Welcome to the Digital Age. A time when people can become friends and lovers with the click of a button. But what about professional networking? Where does this traditionally conservative field fit into our digitally social world? True, websites like LinkedIn have always been a great way to connect coworkers, employers, and potential hires. But research shows that people are increasingly on the go, and sometimes, carrying even a MacBook Air is considered "too bulky". Cue smart phones and mobile apps.
As companies scramble for mobile app developers to keep up with the ever-changing digital landscape, one startup has taken the lead by applying the model of mobile dating to professional networking. Coffee, a mobile app that launched earlier this year, uses Tinder's swiping system for young professionals to connect. If users like what they see on a member's profile, they can swipe right, and if both parties are interested, they can chat and maybe even meet up for a cup of coffee.
We applaud Coffee's innovative idea of using successful dating apps to help young people with their careers. It's efficient, it's useful, and it just makes sense. As new ways to connect emerge, why should professional networking be left behind? Just because millenials are not yet the professional veterans of their fields does not mean that the professional world should be restricted to its outdated, traditional forms of connecting.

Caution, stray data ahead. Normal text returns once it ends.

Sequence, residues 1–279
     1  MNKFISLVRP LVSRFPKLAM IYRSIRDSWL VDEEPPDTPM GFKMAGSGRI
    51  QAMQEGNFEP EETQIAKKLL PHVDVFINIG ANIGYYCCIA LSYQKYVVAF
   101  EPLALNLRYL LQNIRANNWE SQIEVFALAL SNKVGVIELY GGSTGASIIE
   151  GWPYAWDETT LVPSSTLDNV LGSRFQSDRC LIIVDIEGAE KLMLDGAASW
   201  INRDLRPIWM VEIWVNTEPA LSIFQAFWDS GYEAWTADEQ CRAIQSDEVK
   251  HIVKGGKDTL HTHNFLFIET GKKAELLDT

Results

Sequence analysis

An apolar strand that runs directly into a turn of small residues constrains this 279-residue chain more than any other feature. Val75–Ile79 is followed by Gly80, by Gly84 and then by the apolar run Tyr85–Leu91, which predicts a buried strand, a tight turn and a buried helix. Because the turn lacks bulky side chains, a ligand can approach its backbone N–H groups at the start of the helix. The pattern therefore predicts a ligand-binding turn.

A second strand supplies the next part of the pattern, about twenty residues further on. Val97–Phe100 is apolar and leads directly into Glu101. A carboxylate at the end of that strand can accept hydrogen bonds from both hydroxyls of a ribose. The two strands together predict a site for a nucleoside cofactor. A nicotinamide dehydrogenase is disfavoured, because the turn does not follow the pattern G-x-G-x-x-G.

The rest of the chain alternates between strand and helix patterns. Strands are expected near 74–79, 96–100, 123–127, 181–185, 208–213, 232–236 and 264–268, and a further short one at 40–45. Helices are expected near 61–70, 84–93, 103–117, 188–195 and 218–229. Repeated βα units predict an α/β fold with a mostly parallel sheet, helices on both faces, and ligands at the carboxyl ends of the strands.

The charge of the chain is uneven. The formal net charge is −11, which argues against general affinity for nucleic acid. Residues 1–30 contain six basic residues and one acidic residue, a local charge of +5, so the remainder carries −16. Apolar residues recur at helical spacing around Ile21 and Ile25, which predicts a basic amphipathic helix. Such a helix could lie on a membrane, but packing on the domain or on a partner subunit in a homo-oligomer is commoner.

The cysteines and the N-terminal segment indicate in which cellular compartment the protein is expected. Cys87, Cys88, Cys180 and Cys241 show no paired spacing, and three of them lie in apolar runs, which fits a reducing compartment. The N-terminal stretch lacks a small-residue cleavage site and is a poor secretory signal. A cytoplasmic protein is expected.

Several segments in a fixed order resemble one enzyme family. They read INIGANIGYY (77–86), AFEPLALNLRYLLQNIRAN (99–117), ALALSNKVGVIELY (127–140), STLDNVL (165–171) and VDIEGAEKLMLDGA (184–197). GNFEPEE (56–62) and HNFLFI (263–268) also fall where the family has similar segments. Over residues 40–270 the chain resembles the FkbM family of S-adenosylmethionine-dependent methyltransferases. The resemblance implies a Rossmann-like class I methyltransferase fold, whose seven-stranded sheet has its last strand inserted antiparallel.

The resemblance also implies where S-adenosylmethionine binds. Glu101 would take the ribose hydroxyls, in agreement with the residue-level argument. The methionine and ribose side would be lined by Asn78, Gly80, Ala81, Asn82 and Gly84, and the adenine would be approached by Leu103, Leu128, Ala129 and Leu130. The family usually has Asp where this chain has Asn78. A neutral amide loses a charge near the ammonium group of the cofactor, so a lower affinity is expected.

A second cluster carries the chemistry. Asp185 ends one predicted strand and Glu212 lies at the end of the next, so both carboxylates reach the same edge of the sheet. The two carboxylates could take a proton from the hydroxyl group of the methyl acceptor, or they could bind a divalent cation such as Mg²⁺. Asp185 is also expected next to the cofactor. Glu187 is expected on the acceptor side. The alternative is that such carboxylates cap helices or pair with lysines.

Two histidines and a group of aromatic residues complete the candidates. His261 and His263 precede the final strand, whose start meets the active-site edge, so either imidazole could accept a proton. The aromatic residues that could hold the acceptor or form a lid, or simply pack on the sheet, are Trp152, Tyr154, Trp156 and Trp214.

Now, don't get us wrong. Traditional, in-person networking will always have its place, but the ability to connect virtually should have some room to grow, too. After all, this is the Digital Age.
What do you think about professional relationships following in the steps of mobile dating apps?
More info on Coffee and its founders can be found here in the original article by WeWork.